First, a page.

Partners focus on how to leverage innovative funding models to support inclusive and equitable access to quality education
Qatar, 29 September 2019 - Demonstrating the importance of ensuring that high-level financial commitments are translated into measurable changes, the Education Above All Foundation (EAA) in partnership with Qatar Fund for Development, Islamic Development Bank and other partners gathered a panel of experts and education advocacy leaders for a side event entitled, “Innovative Financing to Address ‘Intractable’ SDG4 Problems,” as part of the United Nations General Assembly, on Thursday, 26 September. One year after announcing its groundbreaking approach to help qualifying countries overcome a lack of access to credit on the international financial market and secure funds for education, EAA brought together stakeholders to discuss progress to-date and highlight innovative funding models that are bringing additional financial resources to education—including to support girls’ education and children with special needs—with a focus on achieving Sustainable Development Goal 4 (SDG4).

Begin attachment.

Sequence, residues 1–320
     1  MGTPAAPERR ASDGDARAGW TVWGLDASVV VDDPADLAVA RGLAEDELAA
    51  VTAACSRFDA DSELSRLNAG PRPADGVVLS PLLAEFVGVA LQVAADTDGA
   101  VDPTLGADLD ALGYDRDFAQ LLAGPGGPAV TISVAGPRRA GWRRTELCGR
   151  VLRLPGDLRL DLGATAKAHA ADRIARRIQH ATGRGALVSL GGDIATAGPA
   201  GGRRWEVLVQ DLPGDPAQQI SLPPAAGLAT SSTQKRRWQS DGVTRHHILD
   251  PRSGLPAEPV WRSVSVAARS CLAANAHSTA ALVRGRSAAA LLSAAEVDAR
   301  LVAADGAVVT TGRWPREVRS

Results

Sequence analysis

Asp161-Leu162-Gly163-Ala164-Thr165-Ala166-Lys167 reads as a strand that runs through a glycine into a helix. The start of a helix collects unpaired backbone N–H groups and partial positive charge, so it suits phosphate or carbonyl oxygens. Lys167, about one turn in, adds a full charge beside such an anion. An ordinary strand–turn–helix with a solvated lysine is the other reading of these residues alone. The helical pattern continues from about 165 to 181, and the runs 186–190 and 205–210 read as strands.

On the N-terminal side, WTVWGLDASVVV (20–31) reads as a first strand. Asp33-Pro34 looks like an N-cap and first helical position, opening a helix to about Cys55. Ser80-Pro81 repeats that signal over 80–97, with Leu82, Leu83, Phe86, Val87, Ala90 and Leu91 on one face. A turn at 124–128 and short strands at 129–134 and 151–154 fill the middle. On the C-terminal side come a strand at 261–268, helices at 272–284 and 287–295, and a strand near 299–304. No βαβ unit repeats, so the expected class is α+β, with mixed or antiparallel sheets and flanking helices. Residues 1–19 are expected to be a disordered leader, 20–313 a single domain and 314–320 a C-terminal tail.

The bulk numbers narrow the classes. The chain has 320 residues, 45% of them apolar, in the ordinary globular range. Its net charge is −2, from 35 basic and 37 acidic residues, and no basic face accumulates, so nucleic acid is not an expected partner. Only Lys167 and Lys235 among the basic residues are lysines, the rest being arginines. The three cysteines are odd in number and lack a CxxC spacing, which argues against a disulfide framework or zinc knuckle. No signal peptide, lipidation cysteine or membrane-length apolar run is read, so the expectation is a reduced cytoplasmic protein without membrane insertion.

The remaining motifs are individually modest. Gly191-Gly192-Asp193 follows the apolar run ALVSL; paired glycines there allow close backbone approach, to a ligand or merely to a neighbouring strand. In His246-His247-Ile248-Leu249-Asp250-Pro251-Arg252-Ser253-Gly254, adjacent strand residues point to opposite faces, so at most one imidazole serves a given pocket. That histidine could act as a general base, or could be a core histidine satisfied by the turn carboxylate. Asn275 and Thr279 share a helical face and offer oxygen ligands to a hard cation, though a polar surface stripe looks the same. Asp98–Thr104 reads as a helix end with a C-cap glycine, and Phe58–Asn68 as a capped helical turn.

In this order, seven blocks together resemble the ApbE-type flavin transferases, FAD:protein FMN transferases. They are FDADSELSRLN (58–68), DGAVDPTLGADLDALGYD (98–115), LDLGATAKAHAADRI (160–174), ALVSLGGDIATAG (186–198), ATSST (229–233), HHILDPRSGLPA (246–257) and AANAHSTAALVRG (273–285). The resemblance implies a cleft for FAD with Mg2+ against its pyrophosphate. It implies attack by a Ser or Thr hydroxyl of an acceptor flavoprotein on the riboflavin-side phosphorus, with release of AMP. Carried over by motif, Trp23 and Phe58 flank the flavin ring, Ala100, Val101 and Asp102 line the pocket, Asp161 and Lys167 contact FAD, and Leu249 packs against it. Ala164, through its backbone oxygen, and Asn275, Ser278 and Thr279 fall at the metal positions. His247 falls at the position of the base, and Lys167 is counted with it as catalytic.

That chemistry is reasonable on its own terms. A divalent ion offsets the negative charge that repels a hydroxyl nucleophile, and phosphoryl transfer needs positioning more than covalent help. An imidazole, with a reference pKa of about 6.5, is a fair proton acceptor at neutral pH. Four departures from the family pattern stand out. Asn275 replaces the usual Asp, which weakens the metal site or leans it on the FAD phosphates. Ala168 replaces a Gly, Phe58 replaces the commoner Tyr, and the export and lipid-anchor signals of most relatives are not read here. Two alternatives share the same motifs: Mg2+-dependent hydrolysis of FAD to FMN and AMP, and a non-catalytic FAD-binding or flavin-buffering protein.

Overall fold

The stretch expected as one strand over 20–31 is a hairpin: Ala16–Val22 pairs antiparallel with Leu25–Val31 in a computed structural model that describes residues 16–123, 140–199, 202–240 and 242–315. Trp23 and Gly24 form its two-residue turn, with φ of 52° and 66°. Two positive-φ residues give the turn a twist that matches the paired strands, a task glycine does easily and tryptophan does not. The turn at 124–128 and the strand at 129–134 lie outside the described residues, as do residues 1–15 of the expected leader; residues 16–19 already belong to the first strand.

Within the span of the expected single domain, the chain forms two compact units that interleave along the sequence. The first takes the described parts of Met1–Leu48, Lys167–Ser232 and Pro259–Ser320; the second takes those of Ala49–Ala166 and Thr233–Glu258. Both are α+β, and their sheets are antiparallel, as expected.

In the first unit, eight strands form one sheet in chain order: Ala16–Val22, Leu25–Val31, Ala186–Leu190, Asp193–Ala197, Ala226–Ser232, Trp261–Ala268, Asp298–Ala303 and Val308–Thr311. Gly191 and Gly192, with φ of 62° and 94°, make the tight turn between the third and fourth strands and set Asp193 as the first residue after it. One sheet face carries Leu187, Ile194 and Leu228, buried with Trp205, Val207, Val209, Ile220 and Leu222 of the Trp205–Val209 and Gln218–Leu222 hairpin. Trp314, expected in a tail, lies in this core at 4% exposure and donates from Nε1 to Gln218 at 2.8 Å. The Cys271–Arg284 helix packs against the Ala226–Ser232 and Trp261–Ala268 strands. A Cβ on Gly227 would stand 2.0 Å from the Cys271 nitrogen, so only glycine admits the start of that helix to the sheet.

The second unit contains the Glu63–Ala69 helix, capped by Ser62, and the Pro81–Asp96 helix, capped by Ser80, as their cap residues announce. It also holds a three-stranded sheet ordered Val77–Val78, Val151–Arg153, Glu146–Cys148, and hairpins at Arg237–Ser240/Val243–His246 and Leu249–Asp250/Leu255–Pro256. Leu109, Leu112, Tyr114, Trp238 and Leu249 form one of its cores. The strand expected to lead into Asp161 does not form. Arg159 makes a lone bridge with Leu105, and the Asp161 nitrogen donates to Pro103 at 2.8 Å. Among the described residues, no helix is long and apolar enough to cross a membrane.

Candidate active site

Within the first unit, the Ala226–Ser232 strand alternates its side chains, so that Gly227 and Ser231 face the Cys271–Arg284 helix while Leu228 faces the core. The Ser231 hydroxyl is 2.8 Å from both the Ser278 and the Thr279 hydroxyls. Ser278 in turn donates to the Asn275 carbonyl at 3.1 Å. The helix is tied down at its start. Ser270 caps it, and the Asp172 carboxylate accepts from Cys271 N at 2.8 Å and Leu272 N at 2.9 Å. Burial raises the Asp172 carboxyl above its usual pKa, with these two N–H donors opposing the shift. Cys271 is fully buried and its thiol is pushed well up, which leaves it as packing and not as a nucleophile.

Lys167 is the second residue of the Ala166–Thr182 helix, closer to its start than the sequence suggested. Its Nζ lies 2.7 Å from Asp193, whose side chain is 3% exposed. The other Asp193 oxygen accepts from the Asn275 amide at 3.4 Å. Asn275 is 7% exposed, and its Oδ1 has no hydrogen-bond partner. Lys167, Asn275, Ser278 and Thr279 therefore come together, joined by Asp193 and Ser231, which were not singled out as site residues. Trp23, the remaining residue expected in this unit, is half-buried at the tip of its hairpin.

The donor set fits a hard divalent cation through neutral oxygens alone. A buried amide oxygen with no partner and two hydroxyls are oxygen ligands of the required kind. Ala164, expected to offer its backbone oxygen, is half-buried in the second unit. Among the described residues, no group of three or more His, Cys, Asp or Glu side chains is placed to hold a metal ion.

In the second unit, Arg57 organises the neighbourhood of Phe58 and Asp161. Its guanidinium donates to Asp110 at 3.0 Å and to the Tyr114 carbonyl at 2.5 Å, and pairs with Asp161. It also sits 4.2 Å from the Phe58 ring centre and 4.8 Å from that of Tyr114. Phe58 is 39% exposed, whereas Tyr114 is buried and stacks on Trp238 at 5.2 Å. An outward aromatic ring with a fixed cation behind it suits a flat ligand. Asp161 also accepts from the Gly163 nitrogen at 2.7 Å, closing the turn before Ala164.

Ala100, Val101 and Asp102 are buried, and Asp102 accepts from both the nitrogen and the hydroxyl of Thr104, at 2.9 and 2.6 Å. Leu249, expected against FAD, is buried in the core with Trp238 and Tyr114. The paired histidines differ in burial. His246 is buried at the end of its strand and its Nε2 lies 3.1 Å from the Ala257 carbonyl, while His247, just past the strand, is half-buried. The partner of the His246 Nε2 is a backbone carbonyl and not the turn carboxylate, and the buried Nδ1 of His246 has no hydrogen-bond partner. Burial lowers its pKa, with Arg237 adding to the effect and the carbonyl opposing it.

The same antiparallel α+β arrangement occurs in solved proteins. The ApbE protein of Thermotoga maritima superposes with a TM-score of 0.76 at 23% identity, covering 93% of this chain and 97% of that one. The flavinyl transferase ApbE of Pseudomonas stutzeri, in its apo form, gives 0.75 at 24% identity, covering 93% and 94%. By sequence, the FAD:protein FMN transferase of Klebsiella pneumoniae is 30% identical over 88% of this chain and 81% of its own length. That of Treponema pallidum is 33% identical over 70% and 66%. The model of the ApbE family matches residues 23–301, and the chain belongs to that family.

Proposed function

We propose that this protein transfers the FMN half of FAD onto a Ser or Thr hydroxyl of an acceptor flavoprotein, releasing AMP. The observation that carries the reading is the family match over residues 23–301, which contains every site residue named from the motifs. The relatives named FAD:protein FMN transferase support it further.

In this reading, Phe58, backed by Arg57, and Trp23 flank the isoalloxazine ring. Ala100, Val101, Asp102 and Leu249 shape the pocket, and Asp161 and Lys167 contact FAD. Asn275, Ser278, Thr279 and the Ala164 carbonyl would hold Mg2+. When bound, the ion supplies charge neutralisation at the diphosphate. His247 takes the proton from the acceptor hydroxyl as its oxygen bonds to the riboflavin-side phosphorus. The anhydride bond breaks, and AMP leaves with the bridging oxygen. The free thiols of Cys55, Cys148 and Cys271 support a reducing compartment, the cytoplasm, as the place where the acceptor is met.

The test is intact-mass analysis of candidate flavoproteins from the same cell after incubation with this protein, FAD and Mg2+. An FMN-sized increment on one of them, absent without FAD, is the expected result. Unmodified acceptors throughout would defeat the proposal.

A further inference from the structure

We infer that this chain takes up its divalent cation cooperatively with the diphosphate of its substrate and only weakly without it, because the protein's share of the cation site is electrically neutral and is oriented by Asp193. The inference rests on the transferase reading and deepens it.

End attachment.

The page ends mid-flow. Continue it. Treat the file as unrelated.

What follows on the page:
EAA and its partners have chosen to specifically address barriers that exclude children from education—including gender and other forms of discrimination, which are among the “intractable” barriers to inclusive education--and ways that solutions to overcome barriers can be funded at scale. The conversation focused on progress and the remaining challenges in designing and implementing alternative funding modalities for out of school children.
The discussion included new partnerships between EAA and the World Bank where EAA joined the World Bank in committing US$250 million to support access to quality education for two million out-of-school students (OOSC) in over 40 countries. This new agreement is another step in broadening the multi-lateral partnerships EAA established at last year’s UN General Assembly where a partnership with the Islamic Development Bank was announced.